OSU Dry Farmed Winter Tomato Trial
The OSU Dry Farming Project initiated the Dry Farmed Winter Tomato Trial in 2021 and hired undergraduate research assistant, Asher Whitney, with support through E.R. Jackman Friends and Alumni internship program to lead the project. This trial sprouted from Alex Stone’s dry farmed tomato project with Western SARE evaluating hundreds of dry farmed tomato varieties for quality, productivity and flavor in the Willamette Valley. Alex’s project is focusing on larger slicer and sauce tomato varieties, rather than smaller cherry-sized tomatoes like many of these winter storage tomatoes, which presented an irresistible opportunity to try them out!
The 2021 Dry Farmed Winter Tomato Trial was held at the OSU Oak Creek Center for Urban Horticulture (OCCUH) in Corvallis, Oregon. Tomato seeds were started in the greenhouse on March 30th and transplanted in the field on May 18th. Multiple varieties of winter tomatoes (Table 1) are being evaluated for their productivity and quality in a dry farmed system, and then flavor and storability will be evaluated this fall and winter. In addition to the main trial at OCCUH, several of these varieties (Piennolo del Vesuvio, Mala Cara, and Pequeño del Ramallet) are being trialed by 15 growers in the Dry Farming Collaborative throughout Oregon, Washington, and California. These growers are dry farming these varieties in their respective locations and providing feedback via SeedLinked, which is an app we use to facilitate data collection from variety trials with multiple growers.
Projects like these are important to many of the participants because finding varieties that are successful dry farmed can be “difficult, frustrating and often costly.” Many growers in the Dry Farming Collaborative, dry farm out of necessity due to a
lack of water rights, and limited water and labor availability. In a dry farm system there is not irrigation to manage, and therefore, less annual weeds to manage as well. Climate resilience and food security is another important motivational factor. Asher highlighted that, “having access to winter tomatoes such as these could allow for food insecure folks to have more locally grown, healthy, fresh produce through the winter.”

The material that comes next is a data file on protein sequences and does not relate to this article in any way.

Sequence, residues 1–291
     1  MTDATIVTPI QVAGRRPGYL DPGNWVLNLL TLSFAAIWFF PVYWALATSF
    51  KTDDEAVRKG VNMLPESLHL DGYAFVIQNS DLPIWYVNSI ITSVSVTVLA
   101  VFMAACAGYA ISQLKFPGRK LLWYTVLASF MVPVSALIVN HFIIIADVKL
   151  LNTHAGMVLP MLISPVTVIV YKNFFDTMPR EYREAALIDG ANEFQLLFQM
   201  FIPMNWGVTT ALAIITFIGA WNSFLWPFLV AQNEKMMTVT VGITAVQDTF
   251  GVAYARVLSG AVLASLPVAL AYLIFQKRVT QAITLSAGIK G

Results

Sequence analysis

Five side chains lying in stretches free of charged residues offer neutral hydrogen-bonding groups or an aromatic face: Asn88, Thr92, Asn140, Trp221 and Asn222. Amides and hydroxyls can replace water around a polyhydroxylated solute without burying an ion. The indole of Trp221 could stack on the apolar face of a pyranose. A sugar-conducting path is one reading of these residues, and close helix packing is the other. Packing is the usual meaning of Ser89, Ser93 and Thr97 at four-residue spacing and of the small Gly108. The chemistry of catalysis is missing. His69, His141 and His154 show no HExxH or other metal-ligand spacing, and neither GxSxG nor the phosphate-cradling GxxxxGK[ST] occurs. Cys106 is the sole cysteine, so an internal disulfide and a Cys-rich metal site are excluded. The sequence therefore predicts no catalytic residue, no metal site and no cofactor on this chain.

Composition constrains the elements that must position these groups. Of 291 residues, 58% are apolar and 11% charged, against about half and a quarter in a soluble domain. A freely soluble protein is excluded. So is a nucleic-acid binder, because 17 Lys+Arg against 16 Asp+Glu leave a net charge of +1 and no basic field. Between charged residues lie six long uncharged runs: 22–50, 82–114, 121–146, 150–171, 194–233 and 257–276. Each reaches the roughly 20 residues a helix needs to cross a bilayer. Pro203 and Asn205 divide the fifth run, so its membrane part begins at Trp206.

Dry Farm Tomato Fest!
Outreach and education for the Dry Farmed Winter Tomato Trial and other dry farming research projects are shared via multiple events throughout the year, such as the recent and possibly the first ever Dry Farm Tomato Fest held on September 11, 2021 at the Wellspent Market parking lot in Portland! This event attracted more than 250 attendees and was organized by the Culinary Breeding Network, Wellspent Market, OSU Dry Farming Project and the Dry Farming Institute.
The purpose of the event was to engage and educate consumers about dry farming. Attendees had the opportunity to taste various varieties of dry farmed tomatoes from Alex Stone’s WSARE-funded project and purchase ristras of storage tomatoes to try this winter. 120 tasting kits were distributed and more than 30 participants walked away with ristras of winter tomatoes.
To learn more about future events and results from these and other dry farming research projects visit the OSU Dry Farming Project website https://smallfarms. oregonstate.edu/smallfarms/dry-farming and connect with the Dry Farming Collaborative on Facebook, Instagram, or our new YouTube channel!